In turn, this is making certain finance roles much more challenging to recruit for.
As the competition for qualified accountants has risen, so too has their salary and candidates’ expectations. A recent survey found that the most significant payroll salary increases were in Wales, where some executive role salaries increased by up to 25% in 2018 compared with the UK average of 12%.
This is why financial specialists with a professional qualification, specifically ACA, ACCA or CIMA, and the right soft skills, are like gold-dust.
Recruiting financial professionals who can help you navigate the digital era is a speciality in itself, largely because many are not actively looking for a role and require a more proactive, less target-driven approach to be recruited.
Getting the recruitment process right has never been more important. But what skills should you be looking for?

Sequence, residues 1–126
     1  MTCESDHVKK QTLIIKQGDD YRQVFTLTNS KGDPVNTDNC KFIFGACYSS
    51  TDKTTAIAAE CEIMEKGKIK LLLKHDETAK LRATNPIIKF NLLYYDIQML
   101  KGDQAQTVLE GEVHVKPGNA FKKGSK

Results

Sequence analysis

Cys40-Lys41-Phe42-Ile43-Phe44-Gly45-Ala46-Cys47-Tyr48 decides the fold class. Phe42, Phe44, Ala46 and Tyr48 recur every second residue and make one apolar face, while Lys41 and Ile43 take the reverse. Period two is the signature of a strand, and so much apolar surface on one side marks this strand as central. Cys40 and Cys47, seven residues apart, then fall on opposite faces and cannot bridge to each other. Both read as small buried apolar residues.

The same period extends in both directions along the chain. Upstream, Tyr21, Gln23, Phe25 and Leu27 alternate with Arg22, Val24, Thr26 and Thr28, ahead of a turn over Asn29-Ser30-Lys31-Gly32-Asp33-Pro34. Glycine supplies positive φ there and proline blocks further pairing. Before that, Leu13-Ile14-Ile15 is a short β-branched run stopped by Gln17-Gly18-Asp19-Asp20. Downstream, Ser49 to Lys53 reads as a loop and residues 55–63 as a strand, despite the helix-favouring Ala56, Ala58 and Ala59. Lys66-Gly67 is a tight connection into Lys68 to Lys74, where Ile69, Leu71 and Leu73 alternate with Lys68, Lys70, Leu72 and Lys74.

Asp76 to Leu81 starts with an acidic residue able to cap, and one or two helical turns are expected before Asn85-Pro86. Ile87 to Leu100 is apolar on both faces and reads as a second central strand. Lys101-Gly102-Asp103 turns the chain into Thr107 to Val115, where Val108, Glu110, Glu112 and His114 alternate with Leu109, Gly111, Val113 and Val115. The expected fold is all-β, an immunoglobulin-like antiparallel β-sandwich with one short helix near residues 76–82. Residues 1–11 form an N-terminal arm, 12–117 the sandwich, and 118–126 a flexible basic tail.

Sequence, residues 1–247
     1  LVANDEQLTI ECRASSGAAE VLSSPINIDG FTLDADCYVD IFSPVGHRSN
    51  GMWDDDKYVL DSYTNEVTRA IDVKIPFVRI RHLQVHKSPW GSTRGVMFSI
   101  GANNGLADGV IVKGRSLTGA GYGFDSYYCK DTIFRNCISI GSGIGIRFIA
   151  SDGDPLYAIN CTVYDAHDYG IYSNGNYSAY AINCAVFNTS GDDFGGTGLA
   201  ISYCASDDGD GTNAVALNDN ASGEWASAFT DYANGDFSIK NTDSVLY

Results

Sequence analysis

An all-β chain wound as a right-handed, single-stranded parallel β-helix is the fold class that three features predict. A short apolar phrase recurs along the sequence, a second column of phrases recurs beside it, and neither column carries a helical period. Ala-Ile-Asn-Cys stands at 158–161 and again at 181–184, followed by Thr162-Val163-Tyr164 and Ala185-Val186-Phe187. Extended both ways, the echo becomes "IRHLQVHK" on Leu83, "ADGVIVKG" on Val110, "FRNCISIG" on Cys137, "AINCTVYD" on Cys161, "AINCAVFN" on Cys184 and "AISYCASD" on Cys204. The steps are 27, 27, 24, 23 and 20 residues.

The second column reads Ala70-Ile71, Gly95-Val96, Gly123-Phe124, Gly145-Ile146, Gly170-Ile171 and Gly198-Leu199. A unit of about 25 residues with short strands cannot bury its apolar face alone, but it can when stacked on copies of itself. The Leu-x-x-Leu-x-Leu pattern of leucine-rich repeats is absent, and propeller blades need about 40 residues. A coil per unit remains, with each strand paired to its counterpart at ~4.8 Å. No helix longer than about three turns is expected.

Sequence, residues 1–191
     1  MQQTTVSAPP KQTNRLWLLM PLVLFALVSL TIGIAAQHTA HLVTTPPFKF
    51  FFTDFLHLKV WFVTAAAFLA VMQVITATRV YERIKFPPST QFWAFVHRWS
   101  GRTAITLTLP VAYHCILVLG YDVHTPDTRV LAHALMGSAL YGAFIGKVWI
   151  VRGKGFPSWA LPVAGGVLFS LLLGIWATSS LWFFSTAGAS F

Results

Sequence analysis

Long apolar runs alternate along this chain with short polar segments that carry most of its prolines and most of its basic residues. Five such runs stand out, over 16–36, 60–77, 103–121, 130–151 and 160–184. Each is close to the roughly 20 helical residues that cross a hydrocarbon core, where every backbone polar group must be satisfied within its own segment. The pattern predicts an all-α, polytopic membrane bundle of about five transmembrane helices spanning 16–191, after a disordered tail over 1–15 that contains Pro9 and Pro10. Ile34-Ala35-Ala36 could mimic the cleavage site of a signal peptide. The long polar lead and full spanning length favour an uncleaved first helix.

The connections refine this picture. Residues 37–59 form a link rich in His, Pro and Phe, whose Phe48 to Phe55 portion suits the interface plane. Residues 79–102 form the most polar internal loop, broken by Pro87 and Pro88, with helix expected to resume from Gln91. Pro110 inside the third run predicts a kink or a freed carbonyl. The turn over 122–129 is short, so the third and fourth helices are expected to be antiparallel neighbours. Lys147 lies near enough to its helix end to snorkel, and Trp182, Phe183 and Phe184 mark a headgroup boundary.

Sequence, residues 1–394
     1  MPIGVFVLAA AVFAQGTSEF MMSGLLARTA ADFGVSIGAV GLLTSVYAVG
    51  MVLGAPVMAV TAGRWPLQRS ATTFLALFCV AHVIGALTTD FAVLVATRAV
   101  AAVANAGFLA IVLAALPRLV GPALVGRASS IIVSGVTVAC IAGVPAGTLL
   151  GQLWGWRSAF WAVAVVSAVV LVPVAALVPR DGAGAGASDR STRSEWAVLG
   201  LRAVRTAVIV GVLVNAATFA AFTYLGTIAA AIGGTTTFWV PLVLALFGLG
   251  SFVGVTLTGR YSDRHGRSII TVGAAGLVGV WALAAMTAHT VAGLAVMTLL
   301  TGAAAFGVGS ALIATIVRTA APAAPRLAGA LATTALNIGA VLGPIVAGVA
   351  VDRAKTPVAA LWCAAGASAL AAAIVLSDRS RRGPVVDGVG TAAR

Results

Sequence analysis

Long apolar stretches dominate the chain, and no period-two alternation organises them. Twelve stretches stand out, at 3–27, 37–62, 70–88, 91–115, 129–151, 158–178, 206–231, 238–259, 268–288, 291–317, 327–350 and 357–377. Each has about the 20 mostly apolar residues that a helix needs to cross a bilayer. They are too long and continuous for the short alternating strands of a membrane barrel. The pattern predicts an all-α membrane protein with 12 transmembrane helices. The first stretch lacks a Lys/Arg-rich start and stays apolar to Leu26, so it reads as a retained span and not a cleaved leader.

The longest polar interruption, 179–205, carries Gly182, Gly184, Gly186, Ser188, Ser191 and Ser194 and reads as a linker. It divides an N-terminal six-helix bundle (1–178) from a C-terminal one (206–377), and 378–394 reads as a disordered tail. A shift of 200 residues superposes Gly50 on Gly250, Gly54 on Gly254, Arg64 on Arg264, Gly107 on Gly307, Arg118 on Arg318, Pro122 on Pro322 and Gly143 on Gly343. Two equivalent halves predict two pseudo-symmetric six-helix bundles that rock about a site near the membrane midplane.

Working in finance is about much more than numbers these days. Accountants are now increasingly required to partner with other business functions and build relationships directly with clients. A change that has largely been brought about by digital developments.
Take the recent introduction of Making Tax Digital, a government initiative designed to make the administration of tax more efficient, effective and accurate.
The implementation by accountancy firms of bridging technology to integrate their HMRC and client records has not been without its challenges. By freeing up time and reducing paperwork, their roles have not only become more technical, but more advisory too.